As Howard Beach struggled through the immediate aftermath of Hurricane Sandy, the neighborhood stood shellshocked by an unexpected storm surge and blackout of undetermined length. Stores on Cross Bay Boulevard were closed, and while some had cars to drive north away from the disaster zone, many lost their vehicles in the floodwaters and were stranded in their devastated neighborhood.
At the St. Helen Roman Catholic School on the extreme northern end of the community, food trucks and tables with relief supplies began popping up outside the gymnasium at 157th Avenue and 84th Street near the entrance into the neighborhood from Lindenwood, much of which never lost power during the hurricane.
A NYC Relief Distribution Center has been operating out of the location for a week and a half, giving out clothing and items such as batteries, toilet paper, towels and other household necessities to residents who were left without them as a result of Hurricane Sandy.
Though the power has come back to most of Howard Beach and many in the neighborhood are again able to live in their homes, there is still a need for the site.
“I don’t know exactly how many people come, but I can say it’s thousands,” said Laurie Heedles, a volunteer at the relief center. She said a lot of people arrive from the Rockaways and Broad Channel, which were harder hit and where many residents cannot return to their homes.
There is no organized mode of transportation to the center, Heedles said, but many were finding it on their own. At one point buses in the parking lot across the street from the gym were being used by residents who had no heat to keep warm.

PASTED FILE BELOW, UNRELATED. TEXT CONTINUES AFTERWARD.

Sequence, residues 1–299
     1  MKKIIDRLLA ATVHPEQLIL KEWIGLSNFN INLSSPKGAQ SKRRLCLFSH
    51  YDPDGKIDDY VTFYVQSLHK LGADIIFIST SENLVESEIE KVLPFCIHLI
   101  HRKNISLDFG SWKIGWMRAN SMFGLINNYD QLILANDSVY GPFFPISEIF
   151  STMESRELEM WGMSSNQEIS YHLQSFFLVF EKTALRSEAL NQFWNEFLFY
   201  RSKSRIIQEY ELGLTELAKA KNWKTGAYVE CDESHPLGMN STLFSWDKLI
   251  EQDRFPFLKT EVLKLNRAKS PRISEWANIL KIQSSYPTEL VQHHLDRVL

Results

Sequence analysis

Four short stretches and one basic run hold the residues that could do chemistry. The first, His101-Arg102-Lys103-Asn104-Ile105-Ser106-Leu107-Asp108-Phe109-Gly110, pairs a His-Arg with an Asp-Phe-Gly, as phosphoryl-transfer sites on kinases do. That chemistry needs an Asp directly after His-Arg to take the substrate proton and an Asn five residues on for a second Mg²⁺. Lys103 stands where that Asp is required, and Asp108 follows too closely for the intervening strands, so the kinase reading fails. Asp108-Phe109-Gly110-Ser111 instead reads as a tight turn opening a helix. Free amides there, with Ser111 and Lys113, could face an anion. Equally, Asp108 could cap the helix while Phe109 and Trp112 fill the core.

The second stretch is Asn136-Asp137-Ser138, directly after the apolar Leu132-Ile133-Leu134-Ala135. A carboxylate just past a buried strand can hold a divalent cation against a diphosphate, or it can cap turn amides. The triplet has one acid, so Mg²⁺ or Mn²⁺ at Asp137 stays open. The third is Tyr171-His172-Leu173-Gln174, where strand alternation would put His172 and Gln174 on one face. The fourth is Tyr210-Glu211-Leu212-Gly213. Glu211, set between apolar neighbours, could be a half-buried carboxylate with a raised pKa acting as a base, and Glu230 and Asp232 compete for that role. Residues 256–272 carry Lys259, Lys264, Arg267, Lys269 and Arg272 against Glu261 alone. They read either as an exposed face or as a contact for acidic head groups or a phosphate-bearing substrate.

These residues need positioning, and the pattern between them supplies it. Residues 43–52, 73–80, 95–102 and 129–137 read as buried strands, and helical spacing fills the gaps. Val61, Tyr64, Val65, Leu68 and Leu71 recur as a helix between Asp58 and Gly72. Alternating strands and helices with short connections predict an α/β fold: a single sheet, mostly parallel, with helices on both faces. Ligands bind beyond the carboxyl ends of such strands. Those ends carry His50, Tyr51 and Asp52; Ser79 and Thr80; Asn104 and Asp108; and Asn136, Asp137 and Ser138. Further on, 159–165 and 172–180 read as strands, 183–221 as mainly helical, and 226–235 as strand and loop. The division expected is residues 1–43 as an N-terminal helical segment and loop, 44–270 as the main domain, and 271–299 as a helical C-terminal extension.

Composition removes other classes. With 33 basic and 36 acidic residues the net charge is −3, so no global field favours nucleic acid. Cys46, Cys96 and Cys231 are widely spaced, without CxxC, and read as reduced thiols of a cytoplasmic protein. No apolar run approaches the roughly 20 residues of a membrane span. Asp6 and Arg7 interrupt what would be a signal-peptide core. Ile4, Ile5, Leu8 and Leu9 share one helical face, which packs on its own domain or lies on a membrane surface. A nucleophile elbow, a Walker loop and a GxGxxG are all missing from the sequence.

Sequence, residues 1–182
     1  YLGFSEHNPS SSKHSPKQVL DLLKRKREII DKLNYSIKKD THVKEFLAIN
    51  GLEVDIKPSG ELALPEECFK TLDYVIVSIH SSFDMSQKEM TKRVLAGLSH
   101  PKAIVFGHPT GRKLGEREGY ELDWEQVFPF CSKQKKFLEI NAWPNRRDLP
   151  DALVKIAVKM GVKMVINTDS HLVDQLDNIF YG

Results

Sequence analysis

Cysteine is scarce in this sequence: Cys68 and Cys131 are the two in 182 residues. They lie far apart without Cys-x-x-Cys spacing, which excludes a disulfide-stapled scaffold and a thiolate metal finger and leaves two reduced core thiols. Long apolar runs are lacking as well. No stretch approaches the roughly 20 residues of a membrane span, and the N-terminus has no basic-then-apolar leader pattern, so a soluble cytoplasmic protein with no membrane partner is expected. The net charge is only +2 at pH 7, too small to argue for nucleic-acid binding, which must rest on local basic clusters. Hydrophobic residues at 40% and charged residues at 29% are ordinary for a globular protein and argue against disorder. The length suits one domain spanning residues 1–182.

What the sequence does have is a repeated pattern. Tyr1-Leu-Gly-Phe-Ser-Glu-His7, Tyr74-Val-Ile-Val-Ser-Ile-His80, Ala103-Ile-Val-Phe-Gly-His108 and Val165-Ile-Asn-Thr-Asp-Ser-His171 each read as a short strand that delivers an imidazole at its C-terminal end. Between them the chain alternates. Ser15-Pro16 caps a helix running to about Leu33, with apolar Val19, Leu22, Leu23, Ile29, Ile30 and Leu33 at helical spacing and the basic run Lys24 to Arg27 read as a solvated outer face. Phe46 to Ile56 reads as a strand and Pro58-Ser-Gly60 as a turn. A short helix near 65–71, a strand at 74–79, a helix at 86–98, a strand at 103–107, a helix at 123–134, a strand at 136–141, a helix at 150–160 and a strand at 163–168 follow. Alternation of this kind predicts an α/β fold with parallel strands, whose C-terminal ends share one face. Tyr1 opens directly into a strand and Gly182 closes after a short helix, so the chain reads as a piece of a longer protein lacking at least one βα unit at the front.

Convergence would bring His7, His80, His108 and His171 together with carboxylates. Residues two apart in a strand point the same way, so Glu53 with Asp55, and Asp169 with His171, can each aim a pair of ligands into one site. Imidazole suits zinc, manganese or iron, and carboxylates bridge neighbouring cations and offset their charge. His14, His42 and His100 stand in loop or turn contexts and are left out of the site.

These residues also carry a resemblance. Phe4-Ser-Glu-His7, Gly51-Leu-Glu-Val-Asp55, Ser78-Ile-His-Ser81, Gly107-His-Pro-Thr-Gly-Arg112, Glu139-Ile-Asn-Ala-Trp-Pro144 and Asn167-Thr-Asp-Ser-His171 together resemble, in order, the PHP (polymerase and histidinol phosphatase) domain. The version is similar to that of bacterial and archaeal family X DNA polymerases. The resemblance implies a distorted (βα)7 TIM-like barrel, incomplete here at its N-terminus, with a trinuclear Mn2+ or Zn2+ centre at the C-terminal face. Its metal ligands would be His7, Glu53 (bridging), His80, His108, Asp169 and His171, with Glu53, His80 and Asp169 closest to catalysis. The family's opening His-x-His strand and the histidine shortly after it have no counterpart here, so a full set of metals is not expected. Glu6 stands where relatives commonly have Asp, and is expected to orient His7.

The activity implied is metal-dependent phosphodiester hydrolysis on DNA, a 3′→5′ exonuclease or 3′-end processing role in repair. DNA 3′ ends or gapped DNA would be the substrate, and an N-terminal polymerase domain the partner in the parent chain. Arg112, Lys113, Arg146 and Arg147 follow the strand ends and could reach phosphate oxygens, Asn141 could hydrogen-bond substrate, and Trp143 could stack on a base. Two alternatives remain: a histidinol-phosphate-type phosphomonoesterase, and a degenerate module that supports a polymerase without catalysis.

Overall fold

Food trucks came to serve meals and local eateries such as La Villa in Lindenwood, Gino’s Pizzeria, Ragtime and Tuscany Deli donated food to be served.
Without phone or Internet service, people in Howard Beach had to find out about the center the old-fashioned way — word of mouth.
Heedles said informing residents left in the dark in the days and weeks after Hurricane Sandy has been tough, “A big problem is that there’s very little information for the community.”
The center was operating with a generator until Sunday when power returned. Heedles said the majority of the people who have come for help are elderly, a group that makes up a large portion of Howard Beach’s population.
“There are a lot of old people,” she explained. “They’re frightened, they don’t want to open the doors because they’ve heard of the abuse, they think that people will come to take their things.”
The relief center garnered the attention of one of the neighborhood’s most famous natives — singer Pia Toscano, who competed on American Idol.
“I flew in from California to help out in any way I can,” she said.
Toscano spent Tuesday afternoon unloading boxes of supplies and had previously ordered a stack of pizzas for people eating at the church gymnasium.
The center is still open and Heedles said it would remain there as long people keep coming.
“How long will we keep doing this?” she said. “Well, as long as there’s a need.”